Stranger than Science Fiction

Chinese sci-fi as a Trojan horse for social commentary – Alec Ash

This essay kicks off Sci-Fi Week at the China Channel. We’ll be featuring Q&As from two Chinese authors, as well as a couple of stories in translation. It’s the perfect excuse to go see The Wandering Earth in the cinema, or to pick up one of the recent collections of Chinese sci-fi stories to get acquainted with this fascinating and varied genre, the historical and political echoes of which are introduced below. – The Editors

In 1902, Lu Xun, the celebrated author of modern China, translated Jules Verne’s novel From the Earth to the Moon into Chinese from the Japanese edition. Science fiction, he wrote in the preface, was “as rare as unicorn horns, which shows in a way the intellectual poverty of our time.” In the same year, Liang Qichao, another reformist intellectual, in his unfinished novel Chronicle of the Future of a New China (新中國未來記), depicted a future in 1962 where the world came to admire China’s power at a global exposition in Shanghai (sounds familiar, albeit 50 years late). For both writers, exposing Chinese readers to sci fi was a way to promote new, scientific ways of thinking, and to drag the nation into modernity and out from under the yoke of the Qing Dynasty.


Living MoreFree

China’s streetball hero plays his way – Eduardo Baptista

On a mid-September afternoon, Wu You (吴悠) a.k.a. MoreFree, one of China’s most notorious basketball icons, was getting beaten badly. Despite the giant posters foregrounding the court and cameras filming Wu’s every move, this was only an informal exhibition game; Wu’s teammates included his childhood friends and their relatives, many of whom hadn’t exercised in months, let alone play a competitive game. As his team, down 20 points against a well-drilled team from the PLA National Defense University, called yet another timeout,Wu sat down on the bench, staring into space as everyone else chattered over tactics. Next to him, two of his septuagenarian teammates lit cigarettes, leaning back languidly and taking long drags. His team short on manpower, Wu tried to put them on his back for the final quarter, but to no avail – they lose by 30.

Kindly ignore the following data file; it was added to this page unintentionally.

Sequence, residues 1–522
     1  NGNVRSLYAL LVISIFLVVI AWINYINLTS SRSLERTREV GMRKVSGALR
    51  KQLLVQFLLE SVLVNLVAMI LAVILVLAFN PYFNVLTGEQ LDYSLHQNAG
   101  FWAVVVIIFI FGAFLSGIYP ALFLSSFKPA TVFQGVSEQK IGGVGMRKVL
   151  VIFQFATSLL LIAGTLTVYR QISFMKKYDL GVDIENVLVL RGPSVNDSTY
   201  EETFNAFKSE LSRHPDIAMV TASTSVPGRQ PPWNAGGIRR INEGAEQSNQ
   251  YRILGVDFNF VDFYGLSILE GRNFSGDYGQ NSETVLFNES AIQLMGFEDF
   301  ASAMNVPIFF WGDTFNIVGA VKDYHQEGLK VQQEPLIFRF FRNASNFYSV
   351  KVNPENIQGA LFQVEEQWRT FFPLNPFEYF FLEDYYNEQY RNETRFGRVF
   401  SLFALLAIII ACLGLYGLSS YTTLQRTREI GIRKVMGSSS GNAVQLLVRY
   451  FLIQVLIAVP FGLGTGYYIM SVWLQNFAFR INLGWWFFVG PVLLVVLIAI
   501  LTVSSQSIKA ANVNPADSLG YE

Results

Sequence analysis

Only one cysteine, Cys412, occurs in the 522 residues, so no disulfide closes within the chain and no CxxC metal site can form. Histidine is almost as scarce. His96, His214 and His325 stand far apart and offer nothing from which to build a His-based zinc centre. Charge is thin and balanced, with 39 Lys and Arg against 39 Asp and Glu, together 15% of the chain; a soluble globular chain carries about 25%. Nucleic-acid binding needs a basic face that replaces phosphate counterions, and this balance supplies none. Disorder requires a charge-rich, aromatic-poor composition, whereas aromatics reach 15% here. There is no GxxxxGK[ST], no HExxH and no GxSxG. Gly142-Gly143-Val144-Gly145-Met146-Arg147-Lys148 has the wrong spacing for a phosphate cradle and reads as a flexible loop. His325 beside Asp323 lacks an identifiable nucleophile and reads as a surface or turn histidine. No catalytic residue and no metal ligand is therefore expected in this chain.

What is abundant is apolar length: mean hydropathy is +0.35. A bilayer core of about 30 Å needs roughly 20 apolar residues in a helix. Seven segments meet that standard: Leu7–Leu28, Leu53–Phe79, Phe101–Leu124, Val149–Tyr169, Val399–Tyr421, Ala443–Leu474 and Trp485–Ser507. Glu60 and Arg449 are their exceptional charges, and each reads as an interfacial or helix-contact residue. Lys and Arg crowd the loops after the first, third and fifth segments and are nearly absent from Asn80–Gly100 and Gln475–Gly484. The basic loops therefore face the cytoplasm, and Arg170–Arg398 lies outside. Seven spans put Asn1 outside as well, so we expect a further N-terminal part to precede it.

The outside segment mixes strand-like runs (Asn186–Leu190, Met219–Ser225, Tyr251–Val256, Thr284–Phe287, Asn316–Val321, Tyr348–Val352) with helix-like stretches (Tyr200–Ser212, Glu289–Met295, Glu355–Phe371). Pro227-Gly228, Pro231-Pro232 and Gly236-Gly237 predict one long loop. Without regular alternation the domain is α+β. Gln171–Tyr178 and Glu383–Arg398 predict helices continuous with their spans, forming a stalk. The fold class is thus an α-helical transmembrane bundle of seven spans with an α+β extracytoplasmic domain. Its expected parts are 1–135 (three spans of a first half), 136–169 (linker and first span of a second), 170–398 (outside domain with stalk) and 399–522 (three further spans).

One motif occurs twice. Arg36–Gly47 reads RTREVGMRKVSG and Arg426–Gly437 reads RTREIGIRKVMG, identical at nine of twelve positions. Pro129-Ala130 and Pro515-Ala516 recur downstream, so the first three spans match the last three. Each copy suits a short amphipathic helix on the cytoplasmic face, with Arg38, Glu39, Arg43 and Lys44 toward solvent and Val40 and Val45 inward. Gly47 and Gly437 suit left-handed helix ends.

In China, the name “Wu You” has long been synonymous with “streetball,” or jieqiu (街球). The naughty younger brother of association basketball, streetball originated in the outdoor courts of America’s inner cities. The objective is not so much to outscore your opponent but to out-humiliate him, whether “breaking their ankles,” where a change of direction sends a defender flying to the ground, or inflicting a brutal “posterizer,” a dunk that rams the defender’s body backwards. At NBA games, spectators for the most part cheer and clap for their teams; streetball crowds are much less civilized, screaming in excitement whenever a player is embarrassed, even running onto the court.